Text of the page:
This week I paid a visit to Nairobi, Kenya and had the opportunity to fly past the summit of Africa in Mt. Kilimanjaro (thank you SAA pilots!). The view is just breathtaking and one felt close and personal with the mountain. It’s called Kilima Njaro in Swahili and is completely in Tanzania. See the picture below © Yann Arthus-Bertrand/Corbis.
What was my mission all about? I have being invited to attend a conference on Cloud Computing & Virtualisation Summit East Africa held at the Hilton Hotel, Nairobi, Kenya and yesterday, Friday, the 15th June, I conducted a workshop on “Cloud Migration and Security (pdf download of the presentation)”. Please do note that I will be using the word “Cloud” interchangeably with “Cloud Computing”.
The attendees/audience involved people from different sectors:
- System managers, executives, and information officers who will make decisions about cloud computing initiatives
- Cloud service providers and owners of small medium enterprises (SMMEs).
- Information technology program managers concerned with security and privacy measures for cloud computing
- Security professionals, including security officers, security administrators, auditors, and others with responsibility for information technology security
- System and network administrators
- Government executives and advisers
Broad network access is one of the essential characteristics of the cloud. While I came across some good news about Rwanda and its connectivity to the sea cables – there was a quick reminder from this report and this press article “New Ethiopian law criminalises Skype, installs Internet filters” that African countries need to accelerate the development of policies affecting or enhancing the use of new technologies in advance rather than being reactive.
By the way, it’s National Youth Day back home in South Africa and while searching for that “popular” but sad photo of June 16 (Thanx to the cloud and the search engines like Bing), I came a across this one with a “Beetle” taken by Sam Nzima in Soweto on the 16th of June 1976 depicting Mbuyisa Makhubu carrying the body of Hector Pieterson, who was shot by police during the student protest against Afrikaans as the school language medium. This prompted me to post the following FB status: “ Youth are the future and a solid education makes them the foundation of a Nation. — at Hilton Hotel, Nairobi”. The death of these, a many black youth across the country, fighting for a better education helped to bring about this new dispensation we’re all enjoying but yet not taking full advantage of.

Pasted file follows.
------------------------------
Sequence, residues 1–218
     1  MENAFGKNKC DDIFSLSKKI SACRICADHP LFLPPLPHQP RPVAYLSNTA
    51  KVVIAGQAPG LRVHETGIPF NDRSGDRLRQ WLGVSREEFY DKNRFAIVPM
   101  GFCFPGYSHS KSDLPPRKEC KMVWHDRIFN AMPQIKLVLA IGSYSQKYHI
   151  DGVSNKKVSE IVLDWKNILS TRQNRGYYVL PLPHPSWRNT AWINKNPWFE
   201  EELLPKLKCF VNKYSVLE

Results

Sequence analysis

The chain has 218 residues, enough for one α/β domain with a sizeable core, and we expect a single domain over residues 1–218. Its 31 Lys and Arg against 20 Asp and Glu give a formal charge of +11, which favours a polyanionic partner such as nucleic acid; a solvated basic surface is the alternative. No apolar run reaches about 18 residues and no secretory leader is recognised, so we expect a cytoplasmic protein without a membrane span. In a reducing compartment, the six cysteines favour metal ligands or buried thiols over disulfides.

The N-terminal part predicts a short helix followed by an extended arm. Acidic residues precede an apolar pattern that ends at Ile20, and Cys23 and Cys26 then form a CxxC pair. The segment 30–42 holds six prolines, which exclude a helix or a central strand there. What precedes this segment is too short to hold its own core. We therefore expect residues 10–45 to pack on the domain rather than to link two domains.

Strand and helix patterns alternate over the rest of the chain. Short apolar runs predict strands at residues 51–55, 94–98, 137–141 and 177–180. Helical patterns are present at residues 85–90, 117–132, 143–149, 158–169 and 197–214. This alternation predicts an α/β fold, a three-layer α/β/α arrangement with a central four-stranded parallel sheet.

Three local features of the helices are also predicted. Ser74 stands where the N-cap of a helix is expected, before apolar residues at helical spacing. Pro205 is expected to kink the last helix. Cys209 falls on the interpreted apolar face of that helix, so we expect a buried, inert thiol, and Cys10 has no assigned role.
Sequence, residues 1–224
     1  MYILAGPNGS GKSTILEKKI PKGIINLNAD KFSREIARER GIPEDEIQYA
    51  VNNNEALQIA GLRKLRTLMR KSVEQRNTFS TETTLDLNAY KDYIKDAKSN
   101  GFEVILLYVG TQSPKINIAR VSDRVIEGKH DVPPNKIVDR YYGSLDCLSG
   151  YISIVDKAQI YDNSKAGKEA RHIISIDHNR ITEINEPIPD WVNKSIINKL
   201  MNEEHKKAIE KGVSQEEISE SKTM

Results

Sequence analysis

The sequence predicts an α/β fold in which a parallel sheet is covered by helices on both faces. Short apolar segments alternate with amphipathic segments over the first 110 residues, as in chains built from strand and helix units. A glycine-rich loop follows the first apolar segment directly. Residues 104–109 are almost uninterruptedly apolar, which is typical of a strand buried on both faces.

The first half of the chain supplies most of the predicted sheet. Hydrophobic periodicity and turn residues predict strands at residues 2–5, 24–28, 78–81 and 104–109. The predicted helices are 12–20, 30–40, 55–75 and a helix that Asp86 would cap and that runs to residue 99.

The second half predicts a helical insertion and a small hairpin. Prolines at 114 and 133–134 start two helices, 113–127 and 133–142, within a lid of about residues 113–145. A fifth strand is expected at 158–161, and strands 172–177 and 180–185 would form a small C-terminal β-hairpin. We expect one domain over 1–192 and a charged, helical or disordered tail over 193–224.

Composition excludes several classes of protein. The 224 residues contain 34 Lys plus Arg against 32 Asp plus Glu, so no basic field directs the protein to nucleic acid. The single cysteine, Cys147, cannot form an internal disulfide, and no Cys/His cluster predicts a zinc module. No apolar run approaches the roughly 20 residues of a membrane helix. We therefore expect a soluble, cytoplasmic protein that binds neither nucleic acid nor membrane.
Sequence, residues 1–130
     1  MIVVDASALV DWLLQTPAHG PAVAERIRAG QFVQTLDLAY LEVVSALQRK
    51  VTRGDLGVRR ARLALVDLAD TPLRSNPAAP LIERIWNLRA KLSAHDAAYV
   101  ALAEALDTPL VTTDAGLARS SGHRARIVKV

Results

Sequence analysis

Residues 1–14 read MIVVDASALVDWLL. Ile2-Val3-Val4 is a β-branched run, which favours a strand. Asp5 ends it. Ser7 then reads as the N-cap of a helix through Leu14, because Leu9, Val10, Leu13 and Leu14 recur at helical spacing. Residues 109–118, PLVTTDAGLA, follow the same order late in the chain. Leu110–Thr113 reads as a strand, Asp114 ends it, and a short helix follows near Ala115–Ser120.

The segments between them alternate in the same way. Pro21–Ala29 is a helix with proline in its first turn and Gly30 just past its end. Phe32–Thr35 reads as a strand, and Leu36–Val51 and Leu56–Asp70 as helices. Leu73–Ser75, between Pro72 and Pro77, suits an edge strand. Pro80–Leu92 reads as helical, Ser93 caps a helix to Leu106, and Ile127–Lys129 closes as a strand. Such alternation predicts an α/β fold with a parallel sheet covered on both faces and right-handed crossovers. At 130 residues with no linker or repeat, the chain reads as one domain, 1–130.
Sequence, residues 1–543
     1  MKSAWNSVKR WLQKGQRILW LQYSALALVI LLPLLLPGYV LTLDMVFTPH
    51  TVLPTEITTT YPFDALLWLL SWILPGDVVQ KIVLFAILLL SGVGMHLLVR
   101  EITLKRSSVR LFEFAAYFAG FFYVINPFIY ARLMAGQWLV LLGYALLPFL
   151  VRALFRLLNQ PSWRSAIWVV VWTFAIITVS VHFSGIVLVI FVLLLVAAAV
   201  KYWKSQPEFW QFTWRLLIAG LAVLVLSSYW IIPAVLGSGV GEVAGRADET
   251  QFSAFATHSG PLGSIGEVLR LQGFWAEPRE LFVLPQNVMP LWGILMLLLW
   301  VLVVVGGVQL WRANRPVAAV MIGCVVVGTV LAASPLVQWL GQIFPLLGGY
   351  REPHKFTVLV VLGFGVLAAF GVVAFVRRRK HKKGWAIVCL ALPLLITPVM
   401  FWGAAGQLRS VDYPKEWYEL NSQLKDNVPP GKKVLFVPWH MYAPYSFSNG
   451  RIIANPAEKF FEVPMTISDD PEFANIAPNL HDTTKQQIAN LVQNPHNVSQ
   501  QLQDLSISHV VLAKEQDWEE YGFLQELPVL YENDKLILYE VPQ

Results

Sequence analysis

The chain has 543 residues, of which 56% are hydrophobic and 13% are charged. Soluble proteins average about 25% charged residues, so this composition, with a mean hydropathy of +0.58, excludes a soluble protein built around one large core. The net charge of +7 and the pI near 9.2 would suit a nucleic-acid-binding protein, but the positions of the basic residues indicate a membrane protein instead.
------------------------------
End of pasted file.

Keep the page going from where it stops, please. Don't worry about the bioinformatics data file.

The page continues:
Back to the workshop! We started with the latest: “The NIST Definition of Cloud Computing” – “Cloud computing is a model for enabling ubiquitous, convenient, on-demand network access to a shared pool of configurable computing resources (e.g., networks, servers, storage, applications, and services) that can be rapidly provisioned and released with minimal management effort or service provider interaction.” followed by this short introductory video — Have you ever wondered what happens when you save a photo to “the cloud” of the Internet?:
We then went into a “Speed Dating” session whereby experience with this “cloudy thing” were shared and expectations were clearly expressed. Here are some of the feelings and ideas shared:
- “Cloud computing is not new – it’s just Internet Computing”
- “Is cloud computing green? what does that mean?”
- “What are the practical application of cloud in this part of our world”
- “My experience with the cloud is through the use of Google docs, Skydrive (Microsoft), and social sites – How secure are my documents?”
- “How can I ensure control of what is in the cloud?”
- “What about legislation on/of the cloud”
- “How secure is my data”
- “At work I do cc’ to my Yahoo account every time I send my sensitive documents – Is it wise or safe?”
- “I just have a fear of moving to the cloud, how can you help?”
- “How can we bridge the gap between the business and technology? – the cloud seems so far away”
- “How do I manage bandwidth usage when everybody is accessing the cloud and affecting their work?”
- “Can we develop and host application in the cloud?”
- “Is the cloud confidential – Trust/Privacy?”
- “”What type of clients would you recommend for data storage?”
- “We are in the process of moving to the cloud – how can we do it in a progressive manner using security best practices”
- “We would like to implement a hybrid cloud solution at the university – what is the best way of doing it considering the students environment?”